Guatemala Mayans seek answers to killing near minePublished by MAC on 2005-04-06
Guatemala Mayans seek answers to killing near mine
06 Apr 2005
Guatemala City - Guatemalan Indian leaders demanded a full investigation on Tuesday into the fatal shooting in March of a peasant farmer by a security guard from a U.S. gold mining project.
In a paid newspaper advertisement, nearly 200 Mayan mayors demanded a thorough probe and compensation for the death of Alvaro Sanchez, killed in March near U.S.-based Glamis Gold's Marlin property in the San Marcos region.
The statement also called for investigations into the killings of other Mayan highlanders in recent clashes with the police.
"Up until now the investigations have stalled and the correct procedures have not been followed," Carlos Garcia, a Mayan mayor in Totonicapan, said by telephone.
Glamis Gold acknowledged the security guard shot the farmer, but Marlin project manager Tim Miller said the killing was the result of a personal dispute and was not related to the mine. The human rights group Rights in Action and Glamis' Miller say it appeared the guard shot Sanchez with a handgun owned by his employer, U.S. security firm Golan Group, which protects the mine.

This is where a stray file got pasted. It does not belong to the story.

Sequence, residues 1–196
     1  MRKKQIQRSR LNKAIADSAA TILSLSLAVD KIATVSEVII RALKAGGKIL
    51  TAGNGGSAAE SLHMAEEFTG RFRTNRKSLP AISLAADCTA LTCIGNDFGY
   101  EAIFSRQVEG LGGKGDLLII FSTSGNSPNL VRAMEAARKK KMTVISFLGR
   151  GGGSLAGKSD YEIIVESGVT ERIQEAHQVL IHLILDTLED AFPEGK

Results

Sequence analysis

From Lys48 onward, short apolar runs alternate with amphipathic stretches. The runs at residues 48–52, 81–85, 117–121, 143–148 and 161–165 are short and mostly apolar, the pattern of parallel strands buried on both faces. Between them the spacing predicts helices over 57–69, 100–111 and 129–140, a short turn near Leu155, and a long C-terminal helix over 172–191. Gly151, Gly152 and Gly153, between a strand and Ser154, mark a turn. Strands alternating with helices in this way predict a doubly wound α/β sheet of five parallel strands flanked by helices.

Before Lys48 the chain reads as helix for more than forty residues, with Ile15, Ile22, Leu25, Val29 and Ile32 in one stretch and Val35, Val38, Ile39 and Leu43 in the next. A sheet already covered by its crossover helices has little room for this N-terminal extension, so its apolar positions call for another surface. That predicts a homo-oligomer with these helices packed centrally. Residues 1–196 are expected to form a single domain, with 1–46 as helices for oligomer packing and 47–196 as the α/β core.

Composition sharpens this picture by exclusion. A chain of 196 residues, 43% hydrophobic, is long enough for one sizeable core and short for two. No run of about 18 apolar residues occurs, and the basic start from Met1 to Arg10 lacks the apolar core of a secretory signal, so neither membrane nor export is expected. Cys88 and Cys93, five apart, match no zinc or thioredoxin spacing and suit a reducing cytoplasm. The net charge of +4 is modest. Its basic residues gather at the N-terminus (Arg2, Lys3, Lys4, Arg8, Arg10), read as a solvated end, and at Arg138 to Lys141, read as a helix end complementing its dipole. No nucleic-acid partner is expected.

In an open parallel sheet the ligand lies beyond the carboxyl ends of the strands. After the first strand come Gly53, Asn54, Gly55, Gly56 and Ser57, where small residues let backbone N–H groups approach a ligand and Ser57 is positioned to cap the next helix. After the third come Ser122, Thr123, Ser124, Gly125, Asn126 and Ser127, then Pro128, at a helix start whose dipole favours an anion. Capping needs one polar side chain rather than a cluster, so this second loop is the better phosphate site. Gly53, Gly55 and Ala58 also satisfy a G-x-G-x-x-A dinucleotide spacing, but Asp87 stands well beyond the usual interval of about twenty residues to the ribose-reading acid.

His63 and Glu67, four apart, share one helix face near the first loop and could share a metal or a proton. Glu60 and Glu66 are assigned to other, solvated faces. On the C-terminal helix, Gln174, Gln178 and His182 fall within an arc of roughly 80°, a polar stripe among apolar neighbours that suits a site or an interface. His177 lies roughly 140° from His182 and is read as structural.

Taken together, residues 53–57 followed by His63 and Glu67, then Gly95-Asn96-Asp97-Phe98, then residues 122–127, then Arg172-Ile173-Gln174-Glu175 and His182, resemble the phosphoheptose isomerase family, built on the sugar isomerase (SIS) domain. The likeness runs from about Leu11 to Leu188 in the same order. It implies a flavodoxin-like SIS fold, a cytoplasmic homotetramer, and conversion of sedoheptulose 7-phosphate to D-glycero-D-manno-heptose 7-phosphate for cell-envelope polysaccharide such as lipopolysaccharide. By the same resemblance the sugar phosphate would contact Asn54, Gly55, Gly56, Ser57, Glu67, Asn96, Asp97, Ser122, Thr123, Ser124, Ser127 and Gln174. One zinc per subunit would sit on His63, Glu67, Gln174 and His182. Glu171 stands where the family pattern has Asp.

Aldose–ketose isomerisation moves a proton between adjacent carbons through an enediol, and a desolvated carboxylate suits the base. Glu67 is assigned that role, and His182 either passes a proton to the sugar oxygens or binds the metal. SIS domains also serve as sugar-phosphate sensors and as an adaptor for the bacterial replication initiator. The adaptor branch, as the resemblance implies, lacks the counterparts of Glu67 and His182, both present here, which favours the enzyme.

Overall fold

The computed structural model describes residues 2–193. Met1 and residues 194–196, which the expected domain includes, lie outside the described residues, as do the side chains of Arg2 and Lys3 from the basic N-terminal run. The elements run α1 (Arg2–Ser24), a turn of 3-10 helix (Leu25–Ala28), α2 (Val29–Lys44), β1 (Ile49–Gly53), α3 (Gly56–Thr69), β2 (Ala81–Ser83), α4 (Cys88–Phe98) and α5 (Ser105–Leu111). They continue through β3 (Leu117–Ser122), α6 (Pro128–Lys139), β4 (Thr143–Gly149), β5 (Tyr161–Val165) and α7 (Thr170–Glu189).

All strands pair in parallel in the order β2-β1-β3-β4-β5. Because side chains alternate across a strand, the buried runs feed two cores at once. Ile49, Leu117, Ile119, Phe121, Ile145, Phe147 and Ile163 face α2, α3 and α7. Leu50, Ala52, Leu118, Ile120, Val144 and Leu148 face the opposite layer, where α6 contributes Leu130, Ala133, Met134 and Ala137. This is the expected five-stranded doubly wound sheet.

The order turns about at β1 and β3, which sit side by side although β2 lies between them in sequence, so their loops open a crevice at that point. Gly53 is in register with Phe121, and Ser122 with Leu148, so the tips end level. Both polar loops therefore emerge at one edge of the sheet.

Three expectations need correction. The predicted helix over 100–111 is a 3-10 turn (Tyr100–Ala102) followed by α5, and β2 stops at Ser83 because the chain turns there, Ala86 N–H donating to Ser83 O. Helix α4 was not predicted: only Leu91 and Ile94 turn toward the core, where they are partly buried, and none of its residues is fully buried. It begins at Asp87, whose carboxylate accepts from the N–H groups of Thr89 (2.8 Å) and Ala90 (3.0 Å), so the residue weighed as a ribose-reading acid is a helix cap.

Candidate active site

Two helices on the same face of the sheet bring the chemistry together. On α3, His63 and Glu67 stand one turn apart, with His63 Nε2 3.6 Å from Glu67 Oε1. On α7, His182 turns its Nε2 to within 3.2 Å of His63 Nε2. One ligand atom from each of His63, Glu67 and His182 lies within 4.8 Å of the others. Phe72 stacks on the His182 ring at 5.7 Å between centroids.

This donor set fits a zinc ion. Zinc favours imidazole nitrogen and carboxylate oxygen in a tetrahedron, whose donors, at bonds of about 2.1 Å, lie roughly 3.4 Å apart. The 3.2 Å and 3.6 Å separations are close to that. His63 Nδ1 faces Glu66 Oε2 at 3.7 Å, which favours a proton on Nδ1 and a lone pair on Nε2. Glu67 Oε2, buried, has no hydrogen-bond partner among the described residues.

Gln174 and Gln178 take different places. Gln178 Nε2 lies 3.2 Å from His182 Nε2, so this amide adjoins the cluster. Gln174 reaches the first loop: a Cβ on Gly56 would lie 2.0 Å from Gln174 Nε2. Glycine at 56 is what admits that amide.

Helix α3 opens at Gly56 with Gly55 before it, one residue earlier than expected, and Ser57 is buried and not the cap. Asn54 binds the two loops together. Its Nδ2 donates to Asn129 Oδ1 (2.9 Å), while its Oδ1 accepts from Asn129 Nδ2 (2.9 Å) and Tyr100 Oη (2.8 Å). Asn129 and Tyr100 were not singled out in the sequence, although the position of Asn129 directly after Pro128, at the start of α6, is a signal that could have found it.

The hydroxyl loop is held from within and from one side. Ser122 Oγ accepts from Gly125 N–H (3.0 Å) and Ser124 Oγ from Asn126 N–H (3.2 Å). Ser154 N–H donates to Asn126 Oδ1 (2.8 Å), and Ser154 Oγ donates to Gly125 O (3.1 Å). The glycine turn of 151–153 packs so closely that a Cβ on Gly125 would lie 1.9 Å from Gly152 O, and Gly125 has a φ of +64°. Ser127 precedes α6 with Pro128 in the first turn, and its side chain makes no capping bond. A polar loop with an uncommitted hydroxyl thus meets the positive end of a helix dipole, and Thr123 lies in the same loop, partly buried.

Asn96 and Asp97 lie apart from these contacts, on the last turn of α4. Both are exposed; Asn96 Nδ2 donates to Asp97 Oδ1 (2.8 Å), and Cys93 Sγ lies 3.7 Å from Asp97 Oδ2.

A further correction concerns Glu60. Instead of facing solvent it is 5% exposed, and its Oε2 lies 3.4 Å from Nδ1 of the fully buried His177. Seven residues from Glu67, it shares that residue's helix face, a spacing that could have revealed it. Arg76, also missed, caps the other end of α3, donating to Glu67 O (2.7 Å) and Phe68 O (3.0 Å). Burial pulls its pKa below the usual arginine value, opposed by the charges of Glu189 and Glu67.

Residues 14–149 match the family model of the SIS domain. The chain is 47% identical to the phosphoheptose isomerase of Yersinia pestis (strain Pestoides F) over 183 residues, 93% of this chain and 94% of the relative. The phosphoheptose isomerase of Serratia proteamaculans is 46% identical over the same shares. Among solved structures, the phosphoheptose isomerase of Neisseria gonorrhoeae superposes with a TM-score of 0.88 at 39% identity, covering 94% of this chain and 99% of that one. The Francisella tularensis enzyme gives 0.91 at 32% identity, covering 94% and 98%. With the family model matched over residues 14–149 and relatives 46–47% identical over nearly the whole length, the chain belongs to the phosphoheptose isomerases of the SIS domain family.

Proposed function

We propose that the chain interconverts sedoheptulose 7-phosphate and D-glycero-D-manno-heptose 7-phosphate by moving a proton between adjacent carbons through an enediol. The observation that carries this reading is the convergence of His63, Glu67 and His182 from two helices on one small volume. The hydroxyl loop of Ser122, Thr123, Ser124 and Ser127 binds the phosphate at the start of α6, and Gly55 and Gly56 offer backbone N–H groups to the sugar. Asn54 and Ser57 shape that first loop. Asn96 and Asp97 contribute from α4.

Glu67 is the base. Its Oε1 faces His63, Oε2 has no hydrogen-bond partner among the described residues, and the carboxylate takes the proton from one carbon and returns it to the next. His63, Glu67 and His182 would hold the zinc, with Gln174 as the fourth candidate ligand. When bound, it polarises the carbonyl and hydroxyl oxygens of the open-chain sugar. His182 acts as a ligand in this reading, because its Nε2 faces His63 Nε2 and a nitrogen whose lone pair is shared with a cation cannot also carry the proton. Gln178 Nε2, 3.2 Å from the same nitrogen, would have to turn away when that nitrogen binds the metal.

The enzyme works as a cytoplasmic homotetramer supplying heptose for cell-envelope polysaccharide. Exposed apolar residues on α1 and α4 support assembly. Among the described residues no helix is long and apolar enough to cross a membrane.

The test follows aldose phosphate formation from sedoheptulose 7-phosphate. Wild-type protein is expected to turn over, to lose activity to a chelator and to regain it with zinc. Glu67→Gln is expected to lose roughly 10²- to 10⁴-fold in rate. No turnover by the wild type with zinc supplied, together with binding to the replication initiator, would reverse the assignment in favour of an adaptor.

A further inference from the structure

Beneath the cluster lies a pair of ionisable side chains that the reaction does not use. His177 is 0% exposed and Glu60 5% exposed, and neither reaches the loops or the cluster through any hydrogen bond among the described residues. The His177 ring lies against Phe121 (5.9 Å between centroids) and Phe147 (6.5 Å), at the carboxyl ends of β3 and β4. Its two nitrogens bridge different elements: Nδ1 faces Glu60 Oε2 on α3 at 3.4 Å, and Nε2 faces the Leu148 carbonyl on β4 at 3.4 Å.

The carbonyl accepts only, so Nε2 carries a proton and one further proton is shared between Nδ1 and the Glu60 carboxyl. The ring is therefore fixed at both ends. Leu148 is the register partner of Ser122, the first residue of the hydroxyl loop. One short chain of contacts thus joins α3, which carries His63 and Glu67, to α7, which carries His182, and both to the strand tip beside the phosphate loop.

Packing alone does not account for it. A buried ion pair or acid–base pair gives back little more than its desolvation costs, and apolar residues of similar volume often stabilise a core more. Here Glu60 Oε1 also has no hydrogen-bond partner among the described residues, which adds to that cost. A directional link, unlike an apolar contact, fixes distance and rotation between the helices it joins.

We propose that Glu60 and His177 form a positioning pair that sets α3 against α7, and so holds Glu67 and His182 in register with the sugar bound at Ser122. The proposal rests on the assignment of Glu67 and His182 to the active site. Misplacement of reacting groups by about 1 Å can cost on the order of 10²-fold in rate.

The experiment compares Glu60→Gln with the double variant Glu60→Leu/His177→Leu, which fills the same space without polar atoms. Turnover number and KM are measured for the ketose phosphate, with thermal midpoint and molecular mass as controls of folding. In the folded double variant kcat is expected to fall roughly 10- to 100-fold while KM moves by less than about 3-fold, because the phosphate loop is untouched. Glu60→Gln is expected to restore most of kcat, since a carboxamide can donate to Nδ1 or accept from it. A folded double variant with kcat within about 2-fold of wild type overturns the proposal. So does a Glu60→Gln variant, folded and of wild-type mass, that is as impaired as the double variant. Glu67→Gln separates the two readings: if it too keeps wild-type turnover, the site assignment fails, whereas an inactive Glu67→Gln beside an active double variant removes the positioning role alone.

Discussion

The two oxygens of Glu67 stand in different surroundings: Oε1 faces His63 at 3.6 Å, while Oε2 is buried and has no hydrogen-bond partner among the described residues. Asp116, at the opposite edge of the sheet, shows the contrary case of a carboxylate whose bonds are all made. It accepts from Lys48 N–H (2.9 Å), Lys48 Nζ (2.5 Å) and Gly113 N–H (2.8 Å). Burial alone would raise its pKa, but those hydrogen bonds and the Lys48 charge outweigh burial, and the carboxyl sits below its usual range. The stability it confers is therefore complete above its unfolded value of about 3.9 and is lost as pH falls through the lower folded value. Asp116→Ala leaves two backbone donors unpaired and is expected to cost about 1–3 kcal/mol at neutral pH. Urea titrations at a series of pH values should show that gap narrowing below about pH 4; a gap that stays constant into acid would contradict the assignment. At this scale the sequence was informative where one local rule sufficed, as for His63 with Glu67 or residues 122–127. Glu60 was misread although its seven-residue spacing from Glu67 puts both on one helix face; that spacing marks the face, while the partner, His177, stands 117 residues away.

Local authorities said they have launched an investigation into Sanchez's death, but declined to give further details.
The guard has not been seen since the shooting.
The World Bank-backed Marlin gold and silver mine, due to start production later this year, has met vehement opposition in recent months as it is seen as a symbol of foreign intervention, alleged environmental threat and danger to the agrarian way of life.
In 1996, Guatemala emerged from a 36-year civil war fought mainly in the highlands as leftist insurgents tried to convince poor Indians to challenge army rule. Scars left by the war run deep, and mistrust of outsiders is so widespread that only recently have a few foreign companies considered investing in the region.
Local criticism peaked in January when a villager was shot dead in the town of San Miguel Ixtahuacan, near the mine, as police and soldiers helped escort equipment through road blockades set up by Mayan peasant highlanders.
Rights group Amnesty International said on Tuesday it was worried about the safety of several Mayan leaders opposed to the mine, after a vehicle used by one of them was burned. Five letters threatening him with death were left at the car, Amnesty said.